For the state to flourish in justice, those in power must be philosophers [and queens] (474c).
But who are the philosophers (474b)?
· Love the whole of wisdom (474c - 475c)
· Love all learning (475c)
· Can distinguish beauty (the beautiful itself) from things that have beauty (partake of beauty, participate in beauty) (475e – 476d)
· Pursue the knowledge of what truly is, rather than opinion, which is the maximum cognitive achievement regarding that which partly is and partly is not (476d – 480a)
· Have a pattern in their soul as a basis for legislation regarding the beautiful, just, and good which they draw like an artist imitating a model (484c-d)
· Strive for truth in everything and remain loyal to truth their whole lives (485b-d)
· Strive for what is whole and complete, both human and divine (486a)
· Possess the virtues that flow from regarding bodily pleasures as of little import compared with the higher pleasures of the soul (485d – 487a)
· Have a good memory (486c)
Those who criticize philosophy for cultivating uselessness (487b-e) are like a mob of sailors, ignorant of navigation, who want to take control of the ship (487e – 489d).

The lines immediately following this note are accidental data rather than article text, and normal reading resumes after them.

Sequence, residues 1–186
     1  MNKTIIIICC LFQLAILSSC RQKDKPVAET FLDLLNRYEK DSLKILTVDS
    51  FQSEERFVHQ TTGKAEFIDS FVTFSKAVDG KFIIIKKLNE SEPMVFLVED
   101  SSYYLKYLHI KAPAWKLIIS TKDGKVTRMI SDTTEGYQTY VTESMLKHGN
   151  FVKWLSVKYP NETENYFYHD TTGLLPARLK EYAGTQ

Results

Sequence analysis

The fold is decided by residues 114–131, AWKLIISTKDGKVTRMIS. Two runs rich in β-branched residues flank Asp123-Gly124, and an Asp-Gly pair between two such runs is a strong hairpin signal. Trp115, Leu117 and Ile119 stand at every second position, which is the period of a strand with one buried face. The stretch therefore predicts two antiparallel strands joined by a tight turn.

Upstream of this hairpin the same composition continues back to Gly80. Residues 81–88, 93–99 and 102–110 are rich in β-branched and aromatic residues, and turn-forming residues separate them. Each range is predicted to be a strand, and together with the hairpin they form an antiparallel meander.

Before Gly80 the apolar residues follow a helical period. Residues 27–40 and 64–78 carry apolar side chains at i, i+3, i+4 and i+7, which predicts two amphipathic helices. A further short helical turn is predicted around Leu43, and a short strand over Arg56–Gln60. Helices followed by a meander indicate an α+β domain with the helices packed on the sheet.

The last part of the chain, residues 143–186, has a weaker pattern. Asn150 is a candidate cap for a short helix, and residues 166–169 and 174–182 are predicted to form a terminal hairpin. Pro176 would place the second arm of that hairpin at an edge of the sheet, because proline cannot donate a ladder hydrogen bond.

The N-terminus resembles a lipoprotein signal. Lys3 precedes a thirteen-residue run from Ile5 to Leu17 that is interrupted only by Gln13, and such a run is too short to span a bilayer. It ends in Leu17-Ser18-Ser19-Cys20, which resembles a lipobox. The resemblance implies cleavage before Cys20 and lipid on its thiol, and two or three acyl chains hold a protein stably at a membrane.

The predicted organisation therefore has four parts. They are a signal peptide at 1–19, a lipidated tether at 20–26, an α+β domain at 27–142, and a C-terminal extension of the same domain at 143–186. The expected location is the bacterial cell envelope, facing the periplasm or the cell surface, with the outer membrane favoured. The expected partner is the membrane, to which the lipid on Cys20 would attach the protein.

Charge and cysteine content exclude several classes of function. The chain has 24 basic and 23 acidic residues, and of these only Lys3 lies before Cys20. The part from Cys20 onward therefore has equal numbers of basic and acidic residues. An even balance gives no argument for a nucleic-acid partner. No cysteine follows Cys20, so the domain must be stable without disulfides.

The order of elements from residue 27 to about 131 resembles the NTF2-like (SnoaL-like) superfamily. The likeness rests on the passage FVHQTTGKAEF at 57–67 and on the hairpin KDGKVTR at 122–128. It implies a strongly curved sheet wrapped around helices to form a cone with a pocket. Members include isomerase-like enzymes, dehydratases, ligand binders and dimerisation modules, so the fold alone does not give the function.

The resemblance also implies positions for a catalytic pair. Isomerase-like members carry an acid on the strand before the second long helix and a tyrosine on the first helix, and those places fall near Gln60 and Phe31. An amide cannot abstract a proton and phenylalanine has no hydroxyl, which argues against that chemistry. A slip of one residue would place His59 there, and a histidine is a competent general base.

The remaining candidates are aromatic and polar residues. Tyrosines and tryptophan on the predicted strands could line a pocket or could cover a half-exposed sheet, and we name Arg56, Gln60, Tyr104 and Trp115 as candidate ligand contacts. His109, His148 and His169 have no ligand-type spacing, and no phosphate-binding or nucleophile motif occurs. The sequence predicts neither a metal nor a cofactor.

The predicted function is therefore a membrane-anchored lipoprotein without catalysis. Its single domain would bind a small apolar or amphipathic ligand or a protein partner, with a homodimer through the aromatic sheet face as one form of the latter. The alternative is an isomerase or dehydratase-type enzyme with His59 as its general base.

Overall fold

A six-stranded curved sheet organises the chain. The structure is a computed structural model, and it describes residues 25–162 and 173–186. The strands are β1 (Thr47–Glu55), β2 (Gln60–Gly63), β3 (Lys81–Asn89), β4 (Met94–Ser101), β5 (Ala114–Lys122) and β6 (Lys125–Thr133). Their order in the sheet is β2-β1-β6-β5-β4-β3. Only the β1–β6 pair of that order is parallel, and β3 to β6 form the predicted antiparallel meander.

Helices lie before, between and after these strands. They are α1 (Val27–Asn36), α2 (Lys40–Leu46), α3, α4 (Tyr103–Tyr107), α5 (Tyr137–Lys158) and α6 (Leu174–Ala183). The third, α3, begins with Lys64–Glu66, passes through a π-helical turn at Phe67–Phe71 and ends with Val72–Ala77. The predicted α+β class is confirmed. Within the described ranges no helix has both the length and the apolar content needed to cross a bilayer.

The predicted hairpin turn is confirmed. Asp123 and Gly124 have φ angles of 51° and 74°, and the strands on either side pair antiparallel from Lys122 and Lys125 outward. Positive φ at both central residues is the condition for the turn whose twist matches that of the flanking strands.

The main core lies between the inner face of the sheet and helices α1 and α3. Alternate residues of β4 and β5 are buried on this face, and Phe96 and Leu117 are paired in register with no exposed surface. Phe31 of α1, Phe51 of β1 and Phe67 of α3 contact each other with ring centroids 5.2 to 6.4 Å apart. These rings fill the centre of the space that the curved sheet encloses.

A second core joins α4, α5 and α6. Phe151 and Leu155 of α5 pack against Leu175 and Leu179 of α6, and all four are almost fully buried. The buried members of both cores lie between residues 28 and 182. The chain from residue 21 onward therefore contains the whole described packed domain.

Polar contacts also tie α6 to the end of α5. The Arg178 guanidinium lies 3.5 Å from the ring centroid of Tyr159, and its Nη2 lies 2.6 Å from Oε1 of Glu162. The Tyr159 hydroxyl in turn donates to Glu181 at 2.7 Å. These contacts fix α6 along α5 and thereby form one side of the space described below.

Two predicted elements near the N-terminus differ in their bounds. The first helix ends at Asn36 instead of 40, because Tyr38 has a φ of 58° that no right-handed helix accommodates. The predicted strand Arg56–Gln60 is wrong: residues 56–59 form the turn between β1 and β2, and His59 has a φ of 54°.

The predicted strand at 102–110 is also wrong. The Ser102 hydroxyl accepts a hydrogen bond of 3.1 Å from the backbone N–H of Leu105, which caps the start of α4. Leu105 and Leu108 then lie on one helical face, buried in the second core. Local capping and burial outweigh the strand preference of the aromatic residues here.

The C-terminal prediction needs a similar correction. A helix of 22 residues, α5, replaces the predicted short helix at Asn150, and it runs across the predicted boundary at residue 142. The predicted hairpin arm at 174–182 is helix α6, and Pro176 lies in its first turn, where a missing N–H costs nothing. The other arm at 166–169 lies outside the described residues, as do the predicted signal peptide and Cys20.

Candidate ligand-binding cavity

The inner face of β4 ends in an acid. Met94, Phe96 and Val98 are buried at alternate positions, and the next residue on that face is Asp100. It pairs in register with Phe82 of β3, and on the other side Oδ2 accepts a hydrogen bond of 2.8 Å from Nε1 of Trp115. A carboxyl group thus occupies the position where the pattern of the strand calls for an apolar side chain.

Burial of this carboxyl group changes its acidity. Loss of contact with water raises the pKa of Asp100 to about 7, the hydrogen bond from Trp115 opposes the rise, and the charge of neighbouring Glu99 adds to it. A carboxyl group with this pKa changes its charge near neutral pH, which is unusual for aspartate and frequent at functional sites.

In a city where philosophy is not prized, those with the rare gifts for philosophy will be corrupted by the mass culture (489d – 496a).
There is a slight chance for men and women gifted with philosophic potentials to receive a proper education to develop those potentials and then gaining the power to order and administer the government (496a – 504a).
The most difficult knowledge to gain is knowledge of goodness (the idea of the good, the form of the good, the good itself, the good). Glaucon and Adamantus are not prepared for this level of education, so Socrates will give some analogies instead (504a – 507a).
1. The good is like the sun which illumines the eye, enabling it to see what is visible. (The good illumines the mind, enabling it to grasp the knowledge of true forms.) (507a – 509b)
2. Our mind has four gears for grasping the four levels of what is more or less real—which may be represented in terms of a divided line: opinion grasps perceivable images and things; knowledge grasps mathematical and other forms. Mathematical thinking relies on images and makes assumptions about first principles. Philosophic thinking does not rely on images or examples but only on forms, and it ascends to grasp true beginnings that depend on no assumptions. (509d – 511e)